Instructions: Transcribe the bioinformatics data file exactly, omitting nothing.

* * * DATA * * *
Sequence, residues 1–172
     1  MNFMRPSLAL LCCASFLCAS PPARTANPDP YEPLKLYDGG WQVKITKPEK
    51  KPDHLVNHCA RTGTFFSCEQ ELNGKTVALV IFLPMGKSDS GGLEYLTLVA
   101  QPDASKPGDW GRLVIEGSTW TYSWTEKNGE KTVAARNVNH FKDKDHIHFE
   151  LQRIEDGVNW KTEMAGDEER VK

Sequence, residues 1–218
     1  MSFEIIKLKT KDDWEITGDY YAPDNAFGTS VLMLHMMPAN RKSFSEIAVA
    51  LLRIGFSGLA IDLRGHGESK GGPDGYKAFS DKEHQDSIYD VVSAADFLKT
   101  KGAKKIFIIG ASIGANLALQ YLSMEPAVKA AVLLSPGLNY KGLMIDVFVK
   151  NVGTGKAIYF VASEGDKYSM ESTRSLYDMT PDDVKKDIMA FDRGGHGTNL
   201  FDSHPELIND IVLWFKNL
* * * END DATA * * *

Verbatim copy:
Sequence, residues 1–172
     1  MNFMRPSLAL LCCASFLCAS PPARTANPDP YEPLKLYDGG WQVKITKPEK
    51  KPDHLVNHCA RTGTFFSCEQ ELNGKTVALV IFLPMGKSDS GGLEYLTLVA
   101  QPDASKPGDW GRLVIEGSTW TYSWTEKNGE KTVAARNVNH FKDKDHIHFE
   151  LQRIEDGVNW KTEMAGDEER VK

Sequence, residues 1–218
     1  MSFEIIKLKT KDDWEITGDY YAPDNAFGTS VLMLHMMPAN RKSFSEIAVA
    51  LLRIGFSGLA IDLRGHGESK GGPDGYKAFS DKEHQDSIYD VVSAADFLKT
   101  KGAKKIFIIG ASIGANLALQ YLSMEPAVKA AVLLSPGLNY KGLMIDVFVK
   151  NVGTGKAIYF VASEGDKYSM ESTRSLYDMT PDDVKKDIMA FDRGGHGTNL
   201  FDSHPELIND IVLWFKNL